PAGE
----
Unless you make cereal, you usually don't sell a million copies of your product over a weekend. The mere fact that Activision Blizzard (NASDAQ: ATVI) was able to move 1.1 million copies of StarCraft II: Heart of the Swarm in the first 48 hours says something about the company's customers -- two things, if we're counting. First, that they're dedicated followers of the brand and the products. This wasn't even a new product, it was an expansion to an old one. That implies that well over 1.1 million people own that original product.
Second, it highlights the cash that the company is capable of pulling in because of its brand strength. The expansion retails for $40, meaning that StarCraft made more money that week than most movies at the box office did. While having a hot product isn't reason enough to invest in a company -- see "pet rock" -- it's not a bad reason to look into a business. Here are three solid reasons to get on board with Activision Blizzard.
It makes money
Sometimes you sell a lot of those Nooks and still don't make any money, but Activision isn't playing that game. The company earned $4.8 billion in revenue last quarter, resulting in earnings per share of $1.01. That has enabled the company to announce a $0.19 dividend payable in May, and might result in some share repurchasing, as well. The success came from the popularity of two major franchises -- Call of Duty and Skylanders -- which ran at the top of the U.S. charts for much of the year.
Activision has been very successful at making the most out of its subscribers, earning revenue at every possible turn. The two I want to highlight are World of Warcraft, a subscription-based game boasting over 9.5 million users, and Skylanders, a video game that interacts with collectible figurines. At the end of last year, Skylanders had generated over $1 billion in worldwide sales.
Last year, the company ran a healthy operating margin of 40%, which compares favorably to Electronic Arts (NASDAQ:EA), which has been running at an operational loss. Activision has been judicious with its cash as well, generating a free cash flow of $1.3 billion over the last year. That's the sort of financial stability that allows the company to really play with how it generates money -- the second big reason to buy Activision.
It makes money in new and intelligent ways
The company has been a front-runner in both the microtransaction and subscription spaces. Activision generated 34% of its revenue in subscriptions and licensing fees last year. That's a fantastically sticky source, and it allows the company to try new things -- like selling collectible toys. Skylanders was a stroke of marketing genius, and it has allowed the company to release popular new content in big batches. With each new game comes a whole host of new toys for kids to collect. But to keep parents happy, Activision has also put in a good deal of compatibility between the games and action figures. Skylanders also has a mechanism for playing with your figures on a friend's machine, and they can work across different gaming platforms, ensuring that kids can play with one another.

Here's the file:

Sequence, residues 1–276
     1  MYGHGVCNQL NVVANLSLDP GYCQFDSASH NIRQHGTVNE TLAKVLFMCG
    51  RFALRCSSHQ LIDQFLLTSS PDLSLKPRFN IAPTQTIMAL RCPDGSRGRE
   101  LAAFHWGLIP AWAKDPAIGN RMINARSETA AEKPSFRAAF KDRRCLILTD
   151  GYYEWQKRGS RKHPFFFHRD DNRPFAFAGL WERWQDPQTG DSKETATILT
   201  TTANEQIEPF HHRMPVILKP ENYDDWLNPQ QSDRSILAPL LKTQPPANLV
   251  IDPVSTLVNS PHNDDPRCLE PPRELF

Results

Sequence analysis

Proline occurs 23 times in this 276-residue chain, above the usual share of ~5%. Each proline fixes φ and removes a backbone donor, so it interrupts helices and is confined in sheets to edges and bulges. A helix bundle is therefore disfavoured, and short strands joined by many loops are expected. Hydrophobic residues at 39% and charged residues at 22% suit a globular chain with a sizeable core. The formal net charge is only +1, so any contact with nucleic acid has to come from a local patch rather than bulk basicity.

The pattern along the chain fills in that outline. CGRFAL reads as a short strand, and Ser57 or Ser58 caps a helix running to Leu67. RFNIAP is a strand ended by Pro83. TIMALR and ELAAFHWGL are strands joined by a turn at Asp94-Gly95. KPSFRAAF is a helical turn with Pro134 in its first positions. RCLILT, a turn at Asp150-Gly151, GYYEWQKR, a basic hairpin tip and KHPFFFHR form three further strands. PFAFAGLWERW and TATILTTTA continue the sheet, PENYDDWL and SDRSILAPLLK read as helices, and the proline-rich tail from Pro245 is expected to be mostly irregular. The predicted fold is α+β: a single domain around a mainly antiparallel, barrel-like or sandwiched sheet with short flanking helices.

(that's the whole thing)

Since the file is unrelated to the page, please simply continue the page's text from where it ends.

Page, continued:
Activision has also been doing well with sales of its downloadable content. Customers like that they don't have to purchase a whole new game, while the company is able to earn incremental revenue without having to develop a whole new title. The Call of Duty franchise has performed especially well, with Activision reporting that sales are ahead of projections so far this year.
It has interesting new content on the horizon
The final -- and possibly best -- reason to buy Activision is that the company has a good-looking year lined up. Just last week, it announced a new collectible game using the World of Warcraft properties but in digital card form. The combination pulls together gamers' desire to collect, and their love of World of Warcraft. The title is called Hearthstone: Heroes of Warcraft and it's free-to-play. That means that you can get in for nothing down, but make optional purchases in the game in order to make your deck of cards better. The system has been increasingly popular with developers, and Activision's use with the World of Warcraft name should be a big winner for 2013.
Fool contributor Andrew Marder has no position in any stocks mentioned. The Motley Fool recommends Activision Blizzard. The Motley Fool owns shares of Activision Blizzard. Try any of our Foolish newsletter services free for 30 days. We Fools may not all hold the same opinions, but we all believe that considering a diverse range of insights makes us better investors. The Motley Fool has a disclosure policy.